Almost exactly five years ago to the day, I concluded a column as follows:...
Imagine you're the U.S. ambassador to Pakistan, and you've been tasked to draft a cable to prepare American officials in Washington for the visit of General Raheel Sharif, the Pakistani army chief who has arrived in town for a five-day trip.
For those who remember when the first towers fell on 9/11, there is an unnerving feeling of déjà vu about the Paris attacks.
We cannot tolerate intolerance and violent extremist views that are unwilling to accept co-existence with others different from themselves. These extremists are the minority in our society, but unfortunately those who are practicing active tolerance are also in the minority. There are too many of us sitting in silence, unable or unwilling to take action.
The many pots are calling the kettle black. Promiscuous American military intervention in the Middle East long has promoted the worst forms of violence and terrorism.
Sometimes, we think that who we are and what we do doesn't matter to the world. We've heard that if we don't learn from history, we're condemned ...
Try to imagine the reaction here if multiple wedding parties were being wiped out repetitively, always in more or less the same way.
Like any good story, there's what happened -- and then there's the version you're asked to believe. Let's start with the first one.
If we in the West must feel so guilty, let's feel guilty about the children we've killed in Muslim lands -- rather than about protecting ourselves from "Muslims" -- and others -- who would kill us in our own.
While China was slow to show interest in Afghanistan after the overthrow of the Taliban by U.S. forces in 2001, it has changed course as part of its overall ambitious strategy in Asia and Africa.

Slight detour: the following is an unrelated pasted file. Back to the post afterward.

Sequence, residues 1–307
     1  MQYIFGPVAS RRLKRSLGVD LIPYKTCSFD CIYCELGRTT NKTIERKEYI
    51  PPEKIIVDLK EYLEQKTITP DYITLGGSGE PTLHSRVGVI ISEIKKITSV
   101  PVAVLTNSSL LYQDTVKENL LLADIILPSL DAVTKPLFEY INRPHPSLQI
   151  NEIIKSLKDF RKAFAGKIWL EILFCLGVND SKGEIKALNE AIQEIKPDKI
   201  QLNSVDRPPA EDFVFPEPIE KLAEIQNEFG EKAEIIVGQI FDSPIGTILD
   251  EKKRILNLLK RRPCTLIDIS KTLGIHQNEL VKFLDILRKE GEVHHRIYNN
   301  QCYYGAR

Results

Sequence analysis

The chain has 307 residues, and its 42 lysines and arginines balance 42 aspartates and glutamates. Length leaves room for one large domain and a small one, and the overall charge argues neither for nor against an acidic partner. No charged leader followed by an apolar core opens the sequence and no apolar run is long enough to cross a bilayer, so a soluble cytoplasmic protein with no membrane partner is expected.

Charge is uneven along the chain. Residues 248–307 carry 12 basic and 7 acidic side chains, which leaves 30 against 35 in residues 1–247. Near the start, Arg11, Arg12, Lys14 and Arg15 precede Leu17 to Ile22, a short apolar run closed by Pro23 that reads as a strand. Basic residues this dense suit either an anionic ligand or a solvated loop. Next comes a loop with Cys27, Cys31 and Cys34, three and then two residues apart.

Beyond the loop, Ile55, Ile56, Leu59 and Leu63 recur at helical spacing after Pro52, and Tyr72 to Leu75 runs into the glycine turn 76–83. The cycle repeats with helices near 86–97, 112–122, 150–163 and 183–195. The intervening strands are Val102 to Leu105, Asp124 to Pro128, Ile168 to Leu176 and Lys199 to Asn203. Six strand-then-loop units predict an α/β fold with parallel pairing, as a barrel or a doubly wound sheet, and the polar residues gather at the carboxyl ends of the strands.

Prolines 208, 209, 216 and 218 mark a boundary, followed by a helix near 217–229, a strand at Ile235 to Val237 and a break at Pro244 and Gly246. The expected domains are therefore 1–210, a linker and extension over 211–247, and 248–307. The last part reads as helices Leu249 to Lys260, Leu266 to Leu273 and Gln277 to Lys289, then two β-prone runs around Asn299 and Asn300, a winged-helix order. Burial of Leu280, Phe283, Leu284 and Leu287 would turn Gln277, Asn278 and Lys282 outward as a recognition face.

Our official policy is endless bombing, endless war. No matter how much suffering it causes and no matter how poorly it serves any rational objectives, our official response to geopolitical trouble of every sort is to bomb it into compliance with our alleged interests.
The men and women in America's wars today are a much different generation than mine, of course. But some things about war never change. For that reason, the bond I feel with those with whom I served a half-century ago extends to those who serve today.
Veterans Day seems the right time to educate and inform the American people about who we are by refuting the myths about what veterans and military families are not. We simply cannot afford to allow the sea of goodwill for our veterans turn into an ocean of apathy.
The tens of thousands of veterans who are returning home to our communities will need prompt access to effective care and help reintegrating into civilian life.
War trauma brings in its wake a collapse of time. The present is engulfed; the past colonizes moment-to-moment experience; and the future is collapsed. Severe PTsxD and all variants of PTspD are characterized by an experience of haunting.
This Veterans' Day, world peace feels a long way off. The United States is in its 14th year of war. After all these years of bloodshed and trauma, we as a society still haven't grappled with the burden our military, and their families, continue to bear.